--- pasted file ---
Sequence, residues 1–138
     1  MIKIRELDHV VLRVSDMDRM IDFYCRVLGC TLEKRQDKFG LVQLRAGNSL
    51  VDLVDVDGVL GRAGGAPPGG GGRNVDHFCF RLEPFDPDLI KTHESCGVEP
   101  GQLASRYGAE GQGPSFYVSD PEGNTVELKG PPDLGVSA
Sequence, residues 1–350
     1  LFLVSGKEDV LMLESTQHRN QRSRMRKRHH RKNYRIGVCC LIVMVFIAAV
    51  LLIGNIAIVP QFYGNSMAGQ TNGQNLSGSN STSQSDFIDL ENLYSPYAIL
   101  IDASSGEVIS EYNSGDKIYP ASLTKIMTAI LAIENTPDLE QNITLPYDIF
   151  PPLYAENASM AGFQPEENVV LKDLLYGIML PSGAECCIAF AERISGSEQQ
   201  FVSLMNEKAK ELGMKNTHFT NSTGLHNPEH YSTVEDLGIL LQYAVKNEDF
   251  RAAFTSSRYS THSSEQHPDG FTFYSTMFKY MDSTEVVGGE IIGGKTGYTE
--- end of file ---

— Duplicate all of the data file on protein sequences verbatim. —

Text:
Sequence, residues 1–138
     1  MIKIRELDHV VLRVSDMDRM IDFYCRVLGC TLEKRQDKFG LVQLRAGNSL
    51  VDLVDVDGVL GRAGGAPPGG GGRNVDHFCF RLEPFDPDLI KTHESCGVEP
   101  GQLASRYGAE GQGPSFYVSD PEGNTVELKG PPDLGVSA
Sequence, residues 1–350
     1  LFLVSGKEDV LMLESTQHRN QRSRMRKRHH RKNYRIGVCC LIVMVFIAAV
    51  LLIGNIAIVP QFYGNSMAGQ TNGQNLSGSN STSQSDFIDL ENLYSPYAIL
   101  IDASSGEVIS EYNSGDKIYP ASLTKIMTAI LAIENTPDLE QNITLPYDIF
   151  PPLYAENASM AGFQPEENVV LKDLLYGIML PSGAECCIAF AERISGSEQQ
   201  FVSLMNEKAK ELGMKNTHFT NSTGLHNPEH YSTVEDLGIL LQYAVKNEDF
   251  RAAFTSSRYS THSSEQHPDG FTFYSTMFKY MDSTEVVGGE IIGGKTGYTE